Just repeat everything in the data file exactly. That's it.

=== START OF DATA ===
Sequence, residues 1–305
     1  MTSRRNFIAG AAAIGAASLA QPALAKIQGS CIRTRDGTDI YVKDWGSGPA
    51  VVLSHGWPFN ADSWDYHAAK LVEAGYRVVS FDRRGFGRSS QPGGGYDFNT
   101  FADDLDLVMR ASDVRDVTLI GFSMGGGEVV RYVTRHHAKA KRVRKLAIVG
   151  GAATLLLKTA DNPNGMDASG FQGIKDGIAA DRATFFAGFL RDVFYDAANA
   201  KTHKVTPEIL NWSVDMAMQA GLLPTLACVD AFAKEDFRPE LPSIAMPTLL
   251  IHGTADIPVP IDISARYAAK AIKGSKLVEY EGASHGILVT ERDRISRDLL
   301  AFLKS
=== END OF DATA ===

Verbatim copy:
Sequence, residues 1–305
     1  MTSRRNFIAG AAAIGAASLA QPALAKIQGS CIRTRDGTDI YVKDWGSGPA
    51  VVLSHGWPFN ADSWDYHAAK LVEAGYRVVS FDRRGFGRSS QPGGGYDFNT
   101  FADDLDLVMR ASDVRDVTLI GFSMGGGEVV RYVTRHHAKA KRVRKLAIVG
   151  GAATLLLKTA DNPNGMDASG FQGIKDGIAA DRATFFAGFL RDVFYDAANA
   201  KTHKVTPEIL NWSVDMAMQA GLLPTLACVD AFAKEDFRPE LPSIAMPTLL
   251  IHGTADIPVP IDISARYAAK AIKGSKLVEY EGASHGILVT ERDRISRDLL
   301  AFLKS